Smashin' asteroids, Hollywood style: could nuking an asteroid save the Earth?

Feb 2, 2023
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So far, the question about the "success of NASA's DART mission" remains open. At least until the publication of three articles in Nature, which were announced as "submitted" in references to reports at the expected conference https://www.hou.usra.edu/meetings/lpsc2023/technical_program/#20230314
I hope that in these publications, when analyzing the results of observations of the difference between the moments of mutual asteroid eclipses, the influence of a one-sided and optically dense cloud of “mini-satellites” (consisting of relatively large asteroid fragments that were ejected into orbit around Dimorphos as a result of impact) will be taken into account. The point is that, according the estimations this cloud could lead to near half-hour optical-geometric distortions in the measurements due to the displacement of the photometric center with respect to the center of gravity.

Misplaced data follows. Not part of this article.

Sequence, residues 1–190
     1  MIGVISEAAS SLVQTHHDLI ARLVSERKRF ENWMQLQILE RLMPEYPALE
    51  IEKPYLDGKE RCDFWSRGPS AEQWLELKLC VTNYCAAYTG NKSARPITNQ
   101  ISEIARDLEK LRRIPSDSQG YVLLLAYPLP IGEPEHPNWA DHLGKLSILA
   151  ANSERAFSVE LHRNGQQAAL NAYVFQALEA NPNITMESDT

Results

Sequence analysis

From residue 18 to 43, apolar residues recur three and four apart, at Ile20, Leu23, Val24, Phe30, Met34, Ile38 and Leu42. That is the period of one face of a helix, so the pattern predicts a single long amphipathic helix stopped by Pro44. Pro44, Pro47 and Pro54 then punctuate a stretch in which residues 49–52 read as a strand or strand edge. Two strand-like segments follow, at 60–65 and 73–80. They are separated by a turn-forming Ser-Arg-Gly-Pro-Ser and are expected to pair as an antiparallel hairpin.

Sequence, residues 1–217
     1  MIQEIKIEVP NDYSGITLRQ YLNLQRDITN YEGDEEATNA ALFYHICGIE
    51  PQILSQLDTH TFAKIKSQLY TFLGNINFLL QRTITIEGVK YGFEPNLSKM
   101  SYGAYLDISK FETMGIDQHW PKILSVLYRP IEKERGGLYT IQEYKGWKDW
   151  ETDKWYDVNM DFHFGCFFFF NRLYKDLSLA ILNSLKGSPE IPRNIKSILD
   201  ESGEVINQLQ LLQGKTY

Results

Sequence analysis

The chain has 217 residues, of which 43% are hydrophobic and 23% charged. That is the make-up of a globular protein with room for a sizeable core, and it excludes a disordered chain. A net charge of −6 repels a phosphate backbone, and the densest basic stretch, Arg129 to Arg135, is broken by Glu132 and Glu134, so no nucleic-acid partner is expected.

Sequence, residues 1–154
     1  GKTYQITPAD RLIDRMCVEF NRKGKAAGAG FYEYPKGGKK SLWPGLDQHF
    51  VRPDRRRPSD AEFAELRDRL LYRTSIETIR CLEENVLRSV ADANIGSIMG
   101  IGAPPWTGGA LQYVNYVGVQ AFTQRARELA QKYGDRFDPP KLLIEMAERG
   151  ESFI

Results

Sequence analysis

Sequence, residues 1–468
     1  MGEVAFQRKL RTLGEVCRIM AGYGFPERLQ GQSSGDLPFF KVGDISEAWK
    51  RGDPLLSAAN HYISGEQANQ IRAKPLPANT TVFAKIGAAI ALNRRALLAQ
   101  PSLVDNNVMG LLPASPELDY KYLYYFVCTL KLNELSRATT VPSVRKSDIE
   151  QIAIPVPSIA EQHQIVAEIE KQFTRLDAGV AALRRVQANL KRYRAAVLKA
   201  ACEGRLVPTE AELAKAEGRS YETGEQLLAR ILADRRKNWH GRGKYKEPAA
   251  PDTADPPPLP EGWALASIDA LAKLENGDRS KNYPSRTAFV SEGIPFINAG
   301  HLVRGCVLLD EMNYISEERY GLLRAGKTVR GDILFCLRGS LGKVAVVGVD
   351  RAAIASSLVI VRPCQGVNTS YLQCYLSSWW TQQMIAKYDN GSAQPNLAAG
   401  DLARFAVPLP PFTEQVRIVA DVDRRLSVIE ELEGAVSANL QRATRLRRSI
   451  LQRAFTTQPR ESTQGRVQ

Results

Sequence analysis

Dimorphos is just one type of potential Earth impacting space object. It seems to be just a collection of rocks and dust that is loosely bound by its own gravity, without any cohesion inducing processes to make the fragments stick together - but maybe there is a bit of ice acting as binder. Comets might behave differently when impacted, apparently being something like dusty snow balls. Metallic asteroids might behave differently from either.
 
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